The federal government’s zero-emission vehicle rebate program was welcome news to a Quebec dealer with more than $13 million worth of electric vehicles to sell.
Hugo Jeanson, general manager and co-owner of Bourgeois Chevrolet Buick GMC of Rawdon took a chance last fall, buying about 150 EVs from Ontario dealers who had just lost their provincial EV rebate program that paid up to $14,000 in rebates, creating a sudden surplus of plug-in EVs in the province.
Jeanson figured he could sell the cars – which cost a total of $6.6 million – with help from Quebec’s $8,000 EV rebate program; with it in 2018, he sold 430 Chevrolet Volts and Bolts.
“Just with the provincial rebate, I was confident all those cars would be sold,” he said. “With the Volt [being discontinued], I needed to get my hands on as much [product] as possible, so that’s what I did.
INVENTORY UP FRONT
“Obviously it’s very costly to take a year’s worth of inventory and buy it at once. Usually you’d order it over three months, but I prefer to have a lot of inventory at once and slowly sell it.”
In addition to the vehicles purchased from Ontario, he already had 150 EVs in stock, and so was sitting on about 300 cars valued at more than $13 million when the federal program was announced in the March budget.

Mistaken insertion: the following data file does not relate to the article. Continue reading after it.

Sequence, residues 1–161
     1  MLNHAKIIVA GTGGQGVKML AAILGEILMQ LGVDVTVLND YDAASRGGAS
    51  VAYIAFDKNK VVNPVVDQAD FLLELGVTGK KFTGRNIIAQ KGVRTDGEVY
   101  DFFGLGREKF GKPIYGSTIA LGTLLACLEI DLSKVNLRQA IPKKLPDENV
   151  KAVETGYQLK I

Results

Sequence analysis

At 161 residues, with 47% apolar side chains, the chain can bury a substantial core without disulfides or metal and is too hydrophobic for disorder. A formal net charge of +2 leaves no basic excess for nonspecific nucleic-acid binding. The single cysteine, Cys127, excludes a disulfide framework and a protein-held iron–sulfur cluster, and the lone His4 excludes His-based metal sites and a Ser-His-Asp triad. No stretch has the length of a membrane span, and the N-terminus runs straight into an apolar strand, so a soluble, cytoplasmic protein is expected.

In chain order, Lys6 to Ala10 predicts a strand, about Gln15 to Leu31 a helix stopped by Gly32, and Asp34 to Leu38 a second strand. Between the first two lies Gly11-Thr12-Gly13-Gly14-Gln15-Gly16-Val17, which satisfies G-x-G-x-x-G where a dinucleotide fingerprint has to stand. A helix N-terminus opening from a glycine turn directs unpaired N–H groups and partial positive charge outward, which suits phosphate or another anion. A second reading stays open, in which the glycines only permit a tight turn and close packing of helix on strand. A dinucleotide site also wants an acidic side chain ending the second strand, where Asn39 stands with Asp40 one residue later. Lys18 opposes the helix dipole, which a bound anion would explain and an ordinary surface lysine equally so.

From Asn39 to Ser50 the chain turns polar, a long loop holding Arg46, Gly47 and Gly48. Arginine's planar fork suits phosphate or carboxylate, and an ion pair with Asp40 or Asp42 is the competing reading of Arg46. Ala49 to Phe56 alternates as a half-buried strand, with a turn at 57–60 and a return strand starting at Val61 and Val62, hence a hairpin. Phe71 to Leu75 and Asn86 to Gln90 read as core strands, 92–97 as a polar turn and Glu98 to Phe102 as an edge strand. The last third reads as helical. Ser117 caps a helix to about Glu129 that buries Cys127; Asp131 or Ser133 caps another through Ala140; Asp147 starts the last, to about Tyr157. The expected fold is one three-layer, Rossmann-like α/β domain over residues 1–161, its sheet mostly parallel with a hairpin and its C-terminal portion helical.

It didn’t start until May 1, however, and the six-weeks between announcement and implementation proved costly.
“It totally stopped EV sales across the board,” Jeanson said. “Usually I sell about 50 a month in March and April, and I didn’t sell any [this year]. Everybody was holding on taking delivery of the vehicles.”
EVs make up half of the 100 vehicles sold each month during peak seasons at the dealership. “[It was] quite a slow start for the year.”
Jeanson said he immediately transacted 50 pre-ordered cars on May 1, adding that he was confident he can sell his entire inventory because of the combined federal and provincial rebates. The 300 cars add up to a combined rebate of $3.9 million, he siad.